Rebuilding Foundations

An exploration of international development work in Africa

Property Taxes

Team, you might not believe me, but property taxes are pretty exciting stuff. They can also be super complicated.

In Vancouver, we have an extremely sophisticated property tax and development charge scheme. New developments have to pay all sorts of fees that go back into the community for amenities such as childcare facilities, public parks, and open spaces. I’ve only just brushed the surface of the system in my urban planning masters degree, but it’s super interesting.

In Ghana, however, the system is much more simple. In the Savelugu district, for instance, landowners pay a rate for each building they have on their building. The rate is dependent on the size and aspects of the building, although the assessment scheme is a somewhat guarded secret held by the rate assessors.

Businesses, on the other hand, pay a fee for operating their business.

If a business is renting a building to use as a store, the landowner will pay the property tax rate whereas the business owner will pay the operating fee.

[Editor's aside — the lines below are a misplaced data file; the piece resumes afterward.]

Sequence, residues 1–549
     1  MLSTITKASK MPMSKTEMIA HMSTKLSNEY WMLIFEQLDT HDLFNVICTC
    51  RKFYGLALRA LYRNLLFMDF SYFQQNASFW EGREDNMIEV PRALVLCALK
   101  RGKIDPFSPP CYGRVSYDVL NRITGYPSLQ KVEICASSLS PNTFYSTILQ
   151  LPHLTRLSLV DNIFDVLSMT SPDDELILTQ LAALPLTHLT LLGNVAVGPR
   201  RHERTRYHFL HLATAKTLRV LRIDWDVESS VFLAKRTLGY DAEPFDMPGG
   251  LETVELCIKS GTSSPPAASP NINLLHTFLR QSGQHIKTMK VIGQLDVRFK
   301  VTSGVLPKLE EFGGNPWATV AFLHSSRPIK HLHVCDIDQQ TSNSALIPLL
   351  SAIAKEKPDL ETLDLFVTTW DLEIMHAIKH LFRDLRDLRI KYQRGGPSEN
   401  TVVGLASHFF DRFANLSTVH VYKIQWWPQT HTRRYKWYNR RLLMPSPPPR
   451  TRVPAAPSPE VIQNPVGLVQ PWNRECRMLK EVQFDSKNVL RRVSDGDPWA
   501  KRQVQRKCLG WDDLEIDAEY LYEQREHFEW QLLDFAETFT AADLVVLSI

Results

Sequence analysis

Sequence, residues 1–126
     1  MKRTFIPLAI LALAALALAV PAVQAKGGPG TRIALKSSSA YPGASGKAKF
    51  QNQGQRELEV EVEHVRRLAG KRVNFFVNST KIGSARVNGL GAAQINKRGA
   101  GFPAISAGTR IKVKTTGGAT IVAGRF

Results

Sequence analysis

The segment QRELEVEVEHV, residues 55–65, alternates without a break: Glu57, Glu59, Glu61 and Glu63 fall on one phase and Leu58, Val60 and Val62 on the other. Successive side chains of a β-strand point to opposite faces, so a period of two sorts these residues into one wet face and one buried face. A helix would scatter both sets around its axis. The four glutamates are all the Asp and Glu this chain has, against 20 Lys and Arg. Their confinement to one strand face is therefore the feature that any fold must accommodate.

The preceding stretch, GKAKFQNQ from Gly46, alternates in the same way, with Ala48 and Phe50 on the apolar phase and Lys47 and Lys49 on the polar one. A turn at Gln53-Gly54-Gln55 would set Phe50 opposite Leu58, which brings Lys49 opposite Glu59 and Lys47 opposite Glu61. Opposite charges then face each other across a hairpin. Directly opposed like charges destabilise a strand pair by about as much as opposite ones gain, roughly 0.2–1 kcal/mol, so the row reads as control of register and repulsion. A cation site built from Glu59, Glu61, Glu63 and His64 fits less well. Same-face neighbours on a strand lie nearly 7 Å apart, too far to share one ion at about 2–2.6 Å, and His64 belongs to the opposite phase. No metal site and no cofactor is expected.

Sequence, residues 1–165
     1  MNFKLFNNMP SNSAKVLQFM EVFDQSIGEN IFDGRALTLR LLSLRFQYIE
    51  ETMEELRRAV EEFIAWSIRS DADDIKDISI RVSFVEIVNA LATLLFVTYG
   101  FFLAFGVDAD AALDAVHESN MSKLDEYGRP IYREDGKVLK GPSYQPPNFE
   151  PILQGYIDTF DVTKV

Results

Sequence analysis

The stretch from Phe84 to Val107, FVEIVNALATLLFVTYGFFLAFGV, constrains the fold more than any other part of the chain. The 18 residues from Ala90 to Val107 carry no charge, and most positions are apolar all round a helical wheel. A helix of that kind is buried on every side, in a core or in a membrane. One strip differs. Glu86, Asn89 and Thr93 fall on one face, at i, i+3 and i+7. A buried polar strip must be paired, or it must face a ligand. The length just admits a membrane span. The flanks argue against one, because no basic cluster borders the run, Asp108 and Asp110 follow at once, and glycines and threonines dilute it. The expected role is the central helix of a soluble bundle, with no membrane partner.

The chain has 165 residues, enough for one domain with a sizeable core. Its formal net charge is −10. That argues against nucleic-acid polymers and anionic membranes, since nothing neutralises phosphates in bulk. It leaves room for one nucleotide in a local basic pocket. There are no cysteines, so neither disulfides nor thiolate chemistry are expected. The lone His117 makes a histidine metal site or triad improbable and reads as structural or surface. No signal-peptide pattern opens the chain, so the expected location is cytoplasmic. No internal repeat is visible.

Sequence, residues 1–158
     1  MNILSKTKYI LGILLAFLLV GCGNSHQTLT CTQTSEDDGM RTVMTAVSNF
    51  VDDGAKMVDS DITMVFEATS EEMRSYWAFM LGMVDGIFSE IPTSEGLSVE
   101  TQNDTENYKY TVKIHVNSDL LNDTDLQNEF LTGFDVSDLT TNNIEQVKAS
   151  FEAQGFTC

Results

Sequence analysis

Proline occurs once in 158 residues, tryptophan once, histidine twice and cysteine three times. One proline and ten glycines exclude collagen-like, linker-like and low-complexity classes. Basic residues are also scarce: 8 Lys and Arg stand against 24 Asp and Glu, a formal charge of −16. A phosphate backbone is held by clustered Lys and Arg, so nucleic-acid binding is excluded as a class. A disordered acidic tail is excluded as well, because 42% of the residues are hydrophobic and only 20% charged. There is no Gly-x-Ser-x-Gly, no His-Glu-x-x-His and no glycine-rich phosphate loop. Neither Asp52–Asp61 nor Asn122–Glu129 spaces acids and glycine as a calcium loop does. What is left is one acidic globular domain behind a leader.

Right now, this is the Savelugu system but it isn’t universally applied. For taxation to be successful, people have to actually pay taxes. Moreover, the common person has to believe that his/her neighbour is paying. It should be seen as something you automatically do, like how we file our income taxes back home. Not paying needs to a criminal offence.

Amplify Governance isn’t trying to change Savalugu’s system; they’re trying to make it possible to operate. Savelugu doesn’t have the background data for taxation yet – but hopefully with GIFTS they will soon.

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